Asset owners have spoken up and the investment industry has heard the call: the impact an investment has on society must be considered before the deal is done, writes Fidelity International's Ned Salter.
As a result, both passive and active managers now provide a range of ESG offerings. The two different approaches are distinguished by one key factor: engagement.
The scoring methodologies, proprietary algorithms and data science used by passive managers can certainly help rank companies’ historical success with regards to ESG. But these methods cannot find the best-rated ESG companies of the future.
Active fund managers speak directly to company executives to foster real and lasting change, supplementing the data with human judgement. This deep engagement is the ESG X factor.
ESG in the rearview mirror
In broad terms, the primary role of active investment managers in the past has been to generate economic returns for asset owners. But, asset owners themselves are increasingly looking to asset managers to provide stewardship as part of the package.
Investments need to provide a positive impact on the wider society, in addition to economic returns – or at least not have a damaging impact on society.
The passive investment industry has responded in its own way, mostly by developing ESG scoring methodologies. Passive funds (by definition) cannot generate alpha, but they can create vehicles which track ESG indices, such as the Dow Jones Sustainability Index or any other (I count at least 39 different providers of ESG indices).
Many passive ESG indices and strategies sort and score securities on available data alone. This approach is inherently backward-looking. Because they dispense with forward-looking human judgement and intense engagement with companies, passive strategies can’t identify leading ESG corporates of the future.
ESG indices use various methods to organise which constituents are included. But the outcomes are binary - either a company is included in the index, or it’s not. If only life were so simple.
Exclusion lists do play an important role in ESG considerations, as asset owners and their fiduciaries determine that some business models simply cannot meet the social and societal norms. But this is only one small element of a complete ESG consideration set.
Engaging for the future
To assess future change, human judgement is essential. Robots, while very effective at sorting data and recognising patterns, cannot engage with company leadership.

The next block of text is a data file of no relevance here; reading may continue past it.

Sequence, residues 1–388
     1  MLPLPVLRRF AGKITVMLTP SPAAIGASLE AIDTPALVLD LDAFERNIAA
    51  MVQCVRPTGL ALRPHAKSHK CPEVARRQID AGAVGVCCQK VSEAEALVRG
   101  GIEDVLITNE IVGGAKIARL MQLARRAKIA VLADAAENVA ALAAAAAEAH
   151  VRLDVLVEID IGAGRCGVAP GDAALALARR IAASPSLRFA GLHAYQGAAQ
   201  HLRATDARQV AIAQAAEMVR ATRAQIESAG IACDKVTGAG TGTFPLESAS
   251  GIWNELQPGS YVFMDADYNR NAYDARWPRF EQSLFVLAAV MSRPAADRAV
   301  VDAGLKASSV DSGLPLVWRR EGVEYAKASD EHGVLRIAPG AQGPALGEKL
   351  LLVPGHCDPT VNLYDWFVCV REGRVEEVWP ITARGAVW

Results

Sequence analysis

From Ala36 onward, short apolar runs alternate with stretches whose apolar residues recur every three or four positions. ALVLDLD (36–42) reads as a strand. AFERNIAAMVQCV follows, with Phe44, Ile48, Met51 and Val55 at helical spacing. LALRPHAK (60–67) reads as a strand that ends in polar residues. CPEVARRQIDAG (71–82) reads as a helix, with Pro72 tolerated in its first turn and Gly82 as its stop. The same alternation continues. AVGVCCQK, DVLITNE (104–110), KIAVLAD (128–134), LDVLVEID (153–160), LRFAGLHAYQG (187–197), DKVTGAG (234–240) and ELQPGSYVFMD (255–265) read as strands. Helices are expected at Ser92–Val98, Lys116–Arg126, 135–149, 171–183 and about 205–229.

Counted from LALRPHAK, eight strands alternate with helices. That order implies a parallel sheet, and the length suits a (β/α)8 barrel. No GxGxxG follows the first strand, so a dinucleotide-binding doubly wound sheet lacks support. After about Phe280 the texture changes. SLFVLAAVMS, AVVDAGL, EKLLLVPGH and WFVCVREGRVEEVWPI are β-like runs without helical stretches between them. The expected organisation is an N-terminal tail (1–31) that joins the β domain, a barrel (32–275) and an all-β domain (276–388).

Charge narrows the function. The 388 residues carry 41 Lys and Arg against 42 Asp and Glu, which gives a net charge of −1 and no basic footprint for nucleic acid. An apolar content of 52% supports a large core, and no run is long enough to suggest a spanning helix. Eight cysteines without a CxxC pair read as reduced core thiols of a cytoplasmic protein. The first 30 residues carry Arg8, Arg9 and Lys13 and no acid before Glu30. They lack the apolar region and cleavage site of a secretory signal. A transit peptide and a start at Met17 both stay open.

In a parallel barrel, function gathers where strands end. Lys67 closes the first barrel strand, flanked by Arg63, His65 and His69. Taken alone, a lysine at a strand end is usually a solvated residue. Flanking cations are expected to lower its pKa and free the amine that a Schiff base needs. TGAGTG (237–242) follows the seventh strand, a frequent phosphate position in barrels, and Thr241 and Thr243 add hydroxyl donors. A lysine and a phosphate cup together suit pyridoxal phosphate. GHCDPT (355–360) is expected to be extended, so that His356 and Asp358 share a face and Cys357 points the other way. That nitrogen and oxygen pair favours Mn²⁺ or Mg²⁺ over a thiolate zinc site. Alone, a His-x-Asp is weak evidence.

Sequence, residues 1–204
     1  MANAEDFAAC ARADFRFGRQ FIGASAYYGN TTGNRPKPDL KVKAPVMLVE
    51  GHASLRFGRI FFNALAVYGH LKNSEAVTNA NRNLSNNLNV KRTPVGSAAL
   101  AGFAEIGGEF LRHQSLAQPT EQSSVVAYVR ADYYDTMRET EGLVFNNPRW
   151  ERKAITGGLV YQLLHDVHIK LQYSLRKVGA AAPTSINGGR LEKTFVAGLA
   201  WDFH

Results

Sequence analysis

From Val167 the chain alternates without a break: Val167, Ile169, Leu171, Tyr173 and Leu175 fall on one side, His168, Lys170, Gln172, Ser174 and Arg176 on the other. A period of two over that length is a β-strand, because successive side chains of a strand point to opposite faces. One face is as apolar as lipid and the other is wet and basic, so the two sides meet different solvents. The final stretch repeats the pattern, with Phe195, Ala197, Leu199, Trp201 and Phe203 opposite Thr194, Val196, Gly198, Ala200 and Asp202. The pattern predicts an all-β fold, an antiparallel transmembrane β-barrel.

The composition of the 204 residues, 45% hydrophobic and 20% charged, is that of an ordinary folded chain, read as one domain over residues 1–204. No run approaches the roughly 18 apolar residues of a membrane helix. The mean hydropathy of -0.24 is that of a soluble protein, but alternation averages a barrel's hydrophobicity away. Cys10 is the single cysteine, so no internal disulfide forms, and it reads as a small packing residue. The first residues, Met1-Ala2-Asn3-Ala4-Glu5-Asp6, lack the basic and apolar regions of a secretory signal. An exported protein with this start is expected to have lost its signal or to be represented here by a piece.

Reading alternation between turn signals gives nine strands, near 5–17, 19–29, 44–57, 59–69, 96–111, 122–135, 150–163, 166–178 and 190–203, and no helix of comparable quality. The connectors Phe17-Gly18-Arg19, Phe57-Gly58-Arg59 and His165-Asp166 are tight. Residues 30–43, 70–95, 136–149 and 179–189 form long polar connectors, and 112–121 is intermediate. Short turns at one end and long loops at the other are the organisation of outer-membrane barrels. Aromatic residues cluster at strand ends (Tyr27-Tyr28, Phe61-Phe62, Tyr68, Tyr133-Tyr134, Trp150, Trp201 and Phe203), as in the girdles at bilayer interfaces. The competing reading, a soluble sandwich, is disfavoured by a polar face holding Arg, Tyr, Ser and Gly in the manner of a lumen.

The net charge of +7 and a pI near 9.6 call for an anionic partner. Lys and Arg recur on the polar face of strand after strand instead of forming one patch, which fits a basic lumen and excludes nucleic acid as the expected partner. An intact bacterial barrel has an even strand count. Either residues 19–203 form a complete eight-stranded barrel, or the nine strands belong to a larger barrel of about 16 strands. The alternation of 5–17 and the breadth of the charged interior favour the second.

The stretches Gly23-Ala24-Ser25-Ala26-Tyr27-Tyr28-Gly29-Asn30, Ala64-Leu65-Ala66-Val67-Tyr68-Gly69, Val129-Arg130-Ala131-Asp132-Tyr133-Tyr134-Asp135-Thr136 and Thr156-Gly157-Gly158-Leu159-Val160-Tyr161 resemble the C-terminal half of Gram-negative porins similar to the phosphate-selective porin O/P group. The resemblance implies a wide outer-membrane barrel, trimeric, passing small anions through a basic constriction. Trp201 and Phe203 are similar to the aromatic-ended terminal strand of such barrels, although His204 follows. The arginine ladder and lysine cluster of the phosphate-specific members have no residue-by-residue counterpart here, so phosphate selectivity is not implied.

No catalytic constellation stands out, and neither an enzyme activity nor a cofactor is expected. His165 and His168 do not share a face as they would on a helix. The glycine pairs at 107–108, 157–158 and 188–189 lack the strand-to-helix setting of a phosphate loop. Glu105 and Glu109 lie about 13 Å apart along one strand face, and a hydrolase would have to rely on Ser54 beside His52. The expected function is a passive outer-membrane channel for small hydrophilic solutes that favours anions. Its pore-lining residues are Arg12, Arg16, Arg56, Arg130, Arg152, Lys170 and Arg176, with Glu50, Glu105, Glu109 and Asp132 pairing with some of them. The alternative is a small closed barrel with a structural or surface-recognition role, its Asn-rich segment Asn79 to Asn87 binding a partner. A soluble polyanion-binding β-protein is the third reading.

Engagement requires an assessment of what the future looks like. And using a deep pool of analytical resources provides a considerable advantage in judging how a fluid matrix of trends and factors will develop over time.
Armed with these insights and judgements, investors can more effectively enter into constructive, detailed and fruitful discussions with companies.
In capital markets today, engagement can take on two forms: fostering change or imposing change. We strongly believe that fostering change is the most effective way to get corporates to modify their behaviour in a lasting way.
Bringing this to life for a minute - consider some of our conversations with companies in the metals and mining space.
In a previous era, our meetings with management could have begun and ended with a review of profit, current and future investment, and expected returns.
In recent years, however, knowing that ESG factors have an impact on share price performance and on communities, our conversations also focus on mine safety.
Our long-lasting engagement with these companies has helped to elevate the focus on mine safety to the beginning of the debate. Returns, as ever, remain critical, but management teams are now ever more focused on their impact on the community.
Putting our money where our mouth is
In terms of long-term performance, engagement strategies can deliver superior returns. Using activism as a proxy for engagement (this includes both disciplines of fostering change and forcing change), the chart below compares engagement against broader indices.
A strategy of active engagement gives the asset owner more certainty that their investment will foster the enduring, positive social impact they desire.
ESG indices can help to benchmark ESG standards, draw attention to ESG issues, and help to offer investors passive ESG investment vehicles.
But, in their current form, these vehicles cannot deliver the economic and social benefits associated with engaging with companies to bring about change in the future.
Our work with the corporate sector in recent years has shown that we can alter the behaviour of companies for the good of society, while preserving and enhancing shareholder returns for the asset owners.
I’m convinced that engagement has real long-term benefits as incentives become increasingly aligned between asset owners and companies seeking capital from financial markets.
But making a difference here all comes down to engagement – a scoring mechanism is simply not enough. A dedicated and active manager can go where an algorithm can’t – the boardroom.
Ned Salter is the head of research for Europe at Fidelity International.
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